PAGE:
CRIMINAL LAW CONSOLIDATION (MENTAL IMPAIRMENT) AMENDMENT BILL

Second Reading

Adjourned debate on second reading.

(Continued from 4 August 2016.)

Ms CHAPMAN ( Bragg—Deputy Leader of the Opposition) (15:45): I speak on behalf of the opposition to deal with the Criminal Law Consolidation (Mental Impairment) Amendment Bill 2016 and indicate that we will be consenting to the bill. This is a bill introduced by the Attorney-General on 4 August 2016 and it substantially amends a division of the Criminal Law Consolidation Act relating to mental competence and touches on provisions under the part covering intoxication.

The most concerning thing about this bill is that it has taken since November 2014 to come to this house. It is an important piece of reform. The Sentencing Advisory Council has, obviously, produced a lengthy report in dealing with the review of mental incompetence and how it is involved and applied in our criminal justice system. It is one which does affect questions of sentencing but, in this case, the bill relates to how we deal with the determination of mental impairment and culpability of a party in respect of their having committed a crime.

The delay is inexplicable. The consultation process by the Sentencing Advisory Council was, clearly, comprehensive and the data extensive, and it is just disappointment after disappointment from this government, when they have a piece of reform which obviously justifies being dealt with in a timely manner, and they drag the chain. In any event, let us go to the report itself. It included legislative reform dealing with the test of mental incompetence, the fixing of limiting terms and the supervision of defendants released on licence (that is, they have been dealt with and found to be mentally incompetent).

The position ought to be made clear (and I think, probably, the Attorney did so in his second reading) that, essentially, we require in our criminal justice system that someone is fit to plead and has the mental capacity to have formed a view and undertaken conduct for which they should be found to be culpable and there has to be a finding, essentially, of that competence—which, it is fair to say, is presumed, unless an application is made for the protection of a finding of mental incompetence.

Historically, members will be aware that this played a very strong part in our criminal justice system and was much sought after in the days when felonies resulted in execution. The death penalty being a very final sentence for someone accused of murder or some other serious felony meant that the accused might favourably consider it as something worthy of applying for if it was to avoid the gallows. Nowadays, I think it is fair to say that, although someone has been declared mentally incompetent, in respect of assessing culpability for an offence and avoiding the conviction and sentencing process, they still have to comply with certain obligations, most often to be released in a circumstance of licence, so that they have to agree to do or not do certain things and that privilege can be withdrawn.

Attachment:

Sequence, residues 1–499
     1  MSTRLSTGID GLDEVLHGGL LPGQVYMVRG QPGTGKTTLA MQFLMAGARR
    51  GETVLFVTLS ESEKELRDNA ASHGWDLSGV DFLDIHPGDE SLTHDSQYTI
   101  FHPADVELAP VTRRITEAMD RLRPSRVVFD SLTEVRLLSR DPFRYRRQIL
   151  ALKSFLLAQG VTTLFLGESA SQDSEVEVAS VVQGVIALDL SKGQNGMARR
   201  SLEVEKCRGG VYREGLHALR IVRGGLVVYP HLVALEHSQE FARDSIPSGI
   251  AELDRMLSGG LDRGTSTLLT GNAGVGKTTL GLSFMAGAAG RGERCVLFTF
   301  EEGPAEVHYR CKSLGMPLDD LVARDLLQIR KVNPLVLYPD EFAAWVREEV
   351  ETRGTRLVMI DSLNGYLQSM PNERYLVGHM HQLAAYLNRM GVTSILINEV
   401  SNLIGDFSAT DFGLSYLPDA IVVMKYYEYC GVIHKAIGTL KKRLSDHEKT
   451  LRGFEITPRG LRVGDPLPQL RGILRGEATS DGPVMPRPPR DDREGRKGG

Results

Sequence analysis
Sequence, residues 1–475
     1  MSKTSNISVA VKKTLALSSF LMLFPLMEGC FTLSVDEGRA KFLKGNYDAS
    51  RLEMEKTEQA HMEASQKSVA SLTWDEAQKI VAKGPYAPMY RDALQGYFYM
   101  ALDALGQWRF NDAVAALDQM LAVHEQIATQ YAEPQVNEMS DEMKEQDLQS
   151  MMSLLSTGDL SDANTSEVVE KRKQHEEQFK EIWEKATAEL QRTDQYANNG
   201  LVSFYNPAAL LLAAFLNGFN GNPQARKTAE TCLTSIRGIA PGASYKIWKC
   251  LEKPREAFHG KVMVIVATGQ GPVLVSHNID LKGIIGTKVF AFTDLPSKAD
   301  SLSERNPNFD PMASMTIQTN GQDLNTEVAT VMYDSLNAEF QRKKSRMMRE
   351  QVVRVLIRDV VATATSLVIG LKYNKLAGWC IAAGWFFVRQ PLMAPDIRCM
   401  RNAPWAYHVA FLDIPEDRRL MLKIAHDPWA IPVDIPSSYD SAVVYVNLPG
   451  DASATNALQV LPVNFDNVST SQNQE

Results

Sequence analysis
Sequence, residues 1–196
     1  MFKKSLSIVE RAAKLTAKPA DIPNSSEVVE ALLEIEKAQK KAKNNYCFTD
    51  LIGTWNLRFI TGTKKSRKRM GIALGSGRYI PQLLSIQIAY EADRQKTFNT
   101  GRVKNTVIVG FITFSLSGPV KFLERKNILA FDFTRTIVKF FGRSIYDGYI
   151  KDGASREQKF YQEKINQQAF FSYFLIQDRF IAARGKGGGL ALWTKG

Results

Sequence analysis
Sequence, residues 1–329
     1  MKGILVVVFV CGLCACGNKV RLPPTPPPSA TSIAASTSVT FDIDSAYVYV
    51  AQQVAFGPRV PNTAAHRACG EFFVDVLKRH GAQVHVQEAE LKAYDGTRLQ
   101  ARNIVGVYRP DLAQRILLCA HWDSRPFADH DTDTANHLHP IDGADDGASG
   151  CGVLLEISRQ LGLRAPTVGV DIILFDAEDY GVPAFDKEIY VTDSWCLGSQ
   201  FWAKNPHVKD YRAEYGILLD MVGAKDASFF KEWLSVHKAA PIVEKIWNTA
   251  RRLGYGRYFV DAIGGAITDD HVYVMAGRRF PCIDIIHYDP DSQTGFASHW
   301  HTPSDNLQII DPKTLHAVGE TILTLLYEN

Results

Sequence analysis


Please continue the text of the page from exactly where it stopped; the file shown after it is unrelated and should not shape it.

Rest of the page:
Anecdotally, concern had arisen that this process of applying to be mentally incompetent, almost as a defence to avoid the conviction, was being too easily granted. It was apparently being used by people who did not strictly have mental incompetence standards which would be acceptable or a mental health disorder. In short, I think it is fair to say that, when the statistics were looked at, although they disclosed that almost a quarter of the offenders who had successfully used the mental incompetence argument were suffering from an impairment caused by drug-induced psychosis or from substance abuse or dependence, we did not actually have a breakdown of what degree of impairment was caused by the psychosis and/or the substance abuse.

It is interesting data. I think it is fair to say that when one reads the Sentencing Advisory Council report and looks at the statistics, they are highly qualified in this report for good reason, so although the Attorney-General's office has made provision for these statistics with no reason to doubt them, the fact is that there is no breakdown of the level of comorbidity, if I can use that general description. Therefore, that certainly leaves it open to some criticism, if the development of the amendments here are based on that data, so I do not rely heavily on that in considering this matter or, indeed, advising this side of the house on this matter.

I think it is reasonable to take into account that, aside from the data, the personnel who comprise the Sentencing Advisory Council are senior in their field. They comprise Queen's Counsel, former prosecutors, former Supreme Court judges, and other members of the community who are concerned about mental health, including a representative from the public advocate's office. We have senior people who know what they are talking about, who have had extensive experience and who represent a very broad spectrum for this consideration. On that basis, I thank them for their report and say that I think it is reasonable that we take into account their views.